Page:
Seek Not to Counsel the Lord03190_000_002
In my view, seeking to counsel the Lord generally means disregarding the Lord’s counsel, either knowingly or unknowingly, and in place thereof substituting our own counsel or the persuasions of men. Doing this is a very common human weakness. But until we are able to conquer it, real closeness to the Spirit of the Lord eludes us regardless of our other gifts and attainments.
On the other hand, when a person learns what the Lord’s counsel is and follows it, he irresistibly draws close to the Spirit. From its very beginning, the history of God’s dealings with his children on the earth testifies to the fact that those who disregard his counsel fail and come to grief.
In the days of Samuel, for example, Israel clamored for a king. “Make us a king,” they cried, “to judge us like all the nations.” (1 Sam. 8:5.) They thought it was more important to be like the people around them, the heathen nations, than it was to follow the counsel of the Lord. Through Samuel, the Lord solemnly protested, saying:
“This will be the manner of the king that shall reign over you: He will take your sons … for his chariots, and to be his horsemen; …
“He will take your daughters to be … cooks, and to be bakers.
“And he will take your fields, and your vineyards, and your oliveyards. …
“And he will take the tenth of your seed, and of your vineyards. …
“And ye shall be his servants. …
“Nevertheless the people refused to obey the voice of Samuel; and they said, Nay; but we will have a king over us;
“That we also may be like all the nations.” (1 Sam. 8:11–20.)
Samuel mourned over the obstinacy of his people, for he knew that if in defiance of the counsel of the Lord they persisted in their demand for a king, it would mean their downfall. But the Lord, always respectful of man’s agency, whether he wants to do right or whether he wants to do wrong, said to Samuel:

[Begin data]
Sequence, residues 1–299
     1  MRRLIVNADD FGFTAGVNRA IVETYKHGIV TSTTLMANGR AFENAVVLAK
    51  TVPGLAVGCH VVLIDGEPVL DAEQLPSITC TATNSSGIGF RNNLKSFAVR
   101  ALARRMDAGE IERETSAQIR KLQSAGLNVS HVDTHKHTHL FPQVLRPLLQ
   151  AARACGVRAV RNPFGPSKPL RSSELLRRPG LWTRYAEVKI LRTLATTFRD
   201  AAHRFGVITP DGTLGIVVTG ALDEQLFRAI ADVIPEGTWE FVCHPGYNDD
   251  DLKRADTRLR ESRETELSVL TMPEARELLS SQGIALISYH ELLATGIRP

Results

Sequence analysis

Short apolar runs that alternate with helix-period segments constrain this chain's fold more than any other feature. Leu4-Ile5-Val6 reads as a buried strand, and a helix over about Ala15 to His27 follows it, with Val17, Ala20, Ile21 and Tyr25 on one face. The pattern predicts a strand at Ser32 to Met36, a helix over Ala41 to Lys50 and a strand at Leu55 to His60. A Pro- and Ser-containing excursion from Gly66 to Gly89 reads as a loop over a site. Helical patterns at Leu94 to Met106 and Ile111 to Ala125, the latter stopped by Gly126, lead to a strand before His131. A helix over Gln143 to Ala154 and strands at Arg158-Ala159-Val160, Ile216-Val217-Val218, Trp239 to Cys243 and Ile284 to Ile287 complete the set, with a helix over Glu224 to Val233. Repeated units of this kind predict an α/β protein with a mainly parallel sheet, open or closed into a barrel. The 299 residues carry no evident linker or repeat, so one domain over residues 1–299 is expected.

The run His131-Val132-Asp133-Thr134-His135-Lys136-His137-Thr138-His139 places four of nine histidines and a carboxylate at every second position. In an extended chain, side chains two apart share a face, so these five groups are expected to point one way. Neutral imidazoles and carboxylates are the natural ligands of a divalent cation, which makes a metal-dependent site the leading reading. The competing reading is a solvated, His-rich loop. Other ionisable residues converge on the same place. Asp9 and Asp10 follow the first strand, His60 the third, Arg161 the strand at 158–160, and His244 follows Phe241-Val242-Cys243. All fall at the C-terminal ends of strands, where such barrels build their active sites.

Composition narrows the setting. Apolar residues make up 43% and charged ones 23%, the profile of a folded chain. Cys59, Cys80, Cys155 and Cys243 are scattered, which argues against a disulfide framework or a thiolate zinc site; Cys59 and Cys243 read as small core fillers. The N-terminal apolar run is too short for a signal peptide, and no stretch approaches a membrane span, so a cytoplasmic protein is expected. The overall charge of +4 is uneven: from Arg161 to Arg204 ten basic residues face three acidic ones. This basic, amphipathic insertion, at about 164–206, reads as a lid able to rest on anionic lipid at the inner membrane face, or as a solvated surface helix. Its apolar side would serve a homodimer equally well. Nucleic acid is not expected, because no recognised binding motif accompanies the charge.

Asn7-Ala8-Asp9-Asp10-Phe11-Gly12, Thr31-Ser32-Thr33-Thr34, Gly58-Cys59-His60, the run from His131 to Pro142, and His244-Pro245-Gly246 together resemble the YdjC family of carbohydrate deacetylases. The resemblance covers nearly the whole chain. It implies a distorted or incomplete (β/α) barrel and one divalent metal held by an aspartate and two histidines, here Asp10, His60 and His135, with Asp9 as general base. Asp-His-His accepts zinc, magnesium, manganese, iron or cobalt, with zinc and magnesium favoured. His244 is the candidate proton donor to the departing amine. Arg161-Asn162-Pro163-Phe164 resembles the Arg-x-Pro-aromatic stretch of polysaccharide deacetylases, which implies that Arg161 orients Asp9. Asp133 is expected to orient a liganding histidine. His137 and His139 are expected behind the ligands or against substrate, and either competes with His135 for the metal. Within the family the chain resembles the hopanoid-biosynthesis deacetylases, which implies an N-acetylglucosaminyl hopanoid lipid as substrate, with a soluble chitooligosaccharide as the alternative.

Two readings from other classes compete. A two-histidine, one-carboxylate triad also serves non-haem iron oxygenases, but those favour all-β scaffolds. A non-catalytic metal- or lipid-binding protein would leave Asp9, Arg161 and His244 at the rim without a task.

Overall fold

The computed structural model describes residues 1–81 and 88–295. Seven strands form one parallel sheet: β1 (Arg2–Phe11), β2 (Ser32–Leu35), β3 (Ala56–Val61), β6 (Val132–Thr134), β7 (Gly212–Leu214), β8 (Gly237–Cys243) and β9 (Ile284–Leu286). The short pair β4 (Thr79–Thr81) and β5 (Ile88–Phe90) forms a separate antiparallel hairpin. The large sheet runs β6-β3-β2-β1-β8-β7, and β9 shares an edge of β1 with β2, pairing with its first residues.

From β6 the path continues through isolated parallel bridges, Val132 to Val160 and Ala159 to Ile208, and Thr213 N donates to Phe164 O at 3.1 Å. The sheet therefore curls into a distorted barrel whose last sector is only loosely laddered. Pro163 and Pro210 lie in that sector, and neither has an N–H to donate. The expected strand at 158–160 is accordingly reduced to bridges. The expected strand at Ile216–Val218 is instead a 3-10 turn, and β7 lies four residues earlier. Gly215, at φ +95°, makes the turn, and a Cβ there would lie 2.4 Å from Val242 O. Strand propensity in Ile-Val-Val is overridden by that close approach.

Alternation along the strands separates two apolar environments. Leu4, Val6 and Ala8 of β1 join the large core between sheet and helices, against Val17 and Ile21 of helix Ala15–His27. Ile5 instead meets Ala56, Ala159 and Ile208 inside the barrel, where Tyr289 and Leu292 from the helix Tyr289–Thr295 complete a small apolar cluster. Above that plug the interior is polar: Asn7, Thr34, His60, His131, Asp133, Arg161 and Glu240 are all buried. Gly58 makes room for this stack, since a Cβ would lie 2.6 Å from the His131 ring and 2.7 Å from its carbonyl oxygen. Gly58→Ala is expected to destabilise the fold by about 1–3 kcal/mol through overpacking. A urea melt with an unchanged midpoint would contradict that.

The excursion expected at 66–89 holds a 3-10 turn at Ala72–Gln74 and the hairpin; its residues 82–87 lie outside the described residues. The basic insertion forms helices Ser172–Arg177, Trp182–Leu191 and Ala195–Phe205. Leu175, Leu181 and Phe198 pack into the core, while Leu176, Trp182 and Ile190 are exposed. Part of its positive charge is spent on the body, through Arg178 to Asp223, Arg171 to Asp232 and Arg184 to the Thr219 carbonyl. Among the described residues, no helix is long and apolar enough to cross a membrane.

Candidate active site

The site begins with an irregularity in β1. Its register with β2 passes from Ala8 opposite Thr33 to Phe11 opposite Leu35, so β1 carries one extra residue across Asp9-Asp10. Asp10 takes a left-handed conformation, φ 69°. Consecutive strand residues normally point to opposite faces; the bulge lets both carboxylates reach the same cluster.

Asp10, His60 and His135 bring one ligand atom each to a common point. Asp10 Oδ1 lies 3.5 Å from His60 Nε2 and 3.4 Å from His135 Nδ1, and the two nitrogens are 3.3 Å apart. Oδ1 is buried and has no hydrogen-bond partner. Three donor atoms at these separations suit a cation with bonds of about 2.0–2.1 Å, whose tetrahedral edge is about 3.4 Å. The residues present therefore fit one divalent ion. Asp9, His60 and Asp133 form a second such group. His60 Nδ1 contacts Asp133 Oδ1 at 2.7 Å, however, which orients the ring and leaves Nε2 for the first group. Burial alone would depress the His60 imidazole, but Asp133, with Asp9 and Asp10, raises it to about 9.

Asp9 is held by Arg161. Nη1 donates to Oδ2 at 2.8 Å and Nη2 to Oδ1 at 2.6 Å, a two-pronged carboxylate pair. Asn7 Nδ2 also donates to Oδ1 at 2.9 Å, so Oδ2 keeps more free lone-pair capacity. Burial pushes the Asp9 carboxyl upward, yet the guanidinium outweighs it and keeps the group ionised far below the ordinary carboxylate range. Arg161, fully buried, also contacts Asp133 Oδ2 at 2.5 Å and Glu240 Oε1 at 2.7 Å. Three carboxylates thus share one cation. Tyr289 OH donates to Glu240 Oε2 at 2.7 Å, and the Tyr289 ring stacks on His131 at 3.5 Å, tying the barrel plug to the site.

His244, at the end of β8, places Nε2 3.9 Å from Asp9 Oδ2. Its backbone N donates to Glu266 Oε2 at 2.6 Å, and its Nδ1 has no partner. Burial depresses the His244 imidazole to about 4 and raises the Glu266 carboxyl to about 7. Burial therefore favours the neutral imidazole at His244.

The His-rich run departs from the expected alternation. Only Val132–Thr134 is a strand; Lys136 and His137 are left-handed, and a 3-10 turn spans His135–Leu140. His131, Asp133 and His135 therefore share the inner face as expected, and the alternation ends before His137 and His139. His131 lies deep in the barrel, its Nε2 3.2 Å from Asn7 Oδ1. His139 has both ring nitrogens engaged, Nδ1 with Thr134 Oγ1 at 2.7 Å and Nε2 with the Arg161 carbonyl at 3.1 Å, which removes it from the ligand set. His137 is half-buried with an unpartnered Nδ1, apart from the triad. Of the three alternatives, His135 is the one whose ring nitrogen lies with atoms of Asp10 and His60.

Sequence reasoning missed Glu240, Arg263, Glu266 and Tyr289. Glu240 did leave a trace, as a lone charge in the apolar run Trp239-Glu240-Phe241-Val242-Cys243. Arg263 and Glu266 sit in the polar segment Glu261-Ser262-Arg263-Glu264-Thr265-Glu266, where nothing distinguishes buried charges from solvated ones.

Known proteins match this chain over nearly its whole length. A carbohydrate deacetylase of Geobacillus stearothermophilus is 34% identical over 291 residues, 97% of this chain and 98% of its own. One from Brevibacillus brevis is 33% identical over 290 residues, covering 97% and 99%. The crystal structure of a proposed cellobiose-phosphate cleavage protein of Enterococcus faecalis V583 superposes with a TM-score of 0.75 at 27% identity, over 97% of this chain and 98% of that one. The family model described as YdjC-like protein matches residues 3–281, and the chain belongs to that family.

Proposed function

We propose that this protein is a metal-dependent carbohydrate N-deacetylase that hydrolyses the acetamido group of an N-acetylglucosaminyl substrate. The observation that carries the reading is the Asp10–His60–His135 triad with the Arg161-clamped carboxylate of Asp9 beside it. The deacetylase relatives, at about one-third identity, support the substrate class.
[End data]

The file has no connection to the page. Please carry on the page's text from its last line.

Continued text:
“Hearken unto the voice of the people … for they have not rejected thee, but they have rejected me, that I should not reign over them.” (1 Sam. 8:7.)
As we know, Israel got their king. In a few generations their kingdom was divided, the people were taken captive, Israel was scattered, and Judah became a hiss and a byword throughout the nations.
A second example of how disregarding the Lord’s counsel brings grief comes from the life of Saul, Israel’s first king. Through Samuel, the Lord instructed Saul to destroy the animals of the Amalekites. However, Saul chose to spare the best of the sheep, oxen, fatlings, and lambs. Later, when Samuel came, Saul went out to meet him and with sly hypocrisy said, “Blessed be thou of the Lord: I have performed the commandment of the Lord.” (1 Sam. 15:13.) Samuel’s reply, “What meaneth then this bleating of the sheep in mine ears, and the lowing of the oxen which I hear?” was notice to Saul that Samuel was not deceived. (1 Sam. 15:14.) Perhaps squirming a bit, Saul answered with a little less confidence: “The people spared the best of the sheep and of the oxen, to sacrifice unto the Lord thy God; and the rest we have utterly destroyed.” (1 Sam. 15:15.)
Then Samuel, with directness, said unto Saul: “The Lord sent thee on a journey. …
“Wherefore then didst thou not obey the voice of the Lord?” (1 Sam. 15:18–19.)
Saul was caught. However, he tried to shift the blame to his people by saying to Samuel:
“Yea, I have obeyed the voice of the Lord. …
“But the people took of the spoil, sheep and oxen, the chief of the things which should have been utterly destroyed, to sacrifice unto the Lord thy God.” (1 Sam. 15:20–21; italics added.)
Then Samuel put to Saul a soul-searching question, one which is of equal importance in our day:
“Hath the Lord as great delight in burnt offerings and sacrifices, as in obeying the voice of the Lord? Behold, to obey is better than sacrifice, and to hearken than the fat of rams.
“For rebellion is as the sin of witchcraft, and stubbornness is as iniquity and idolatry.” (1 Sam. 15:22–23.)
When we resist the counsel of the Lord, we manifest stubbornness and rejection of his inspired guidance.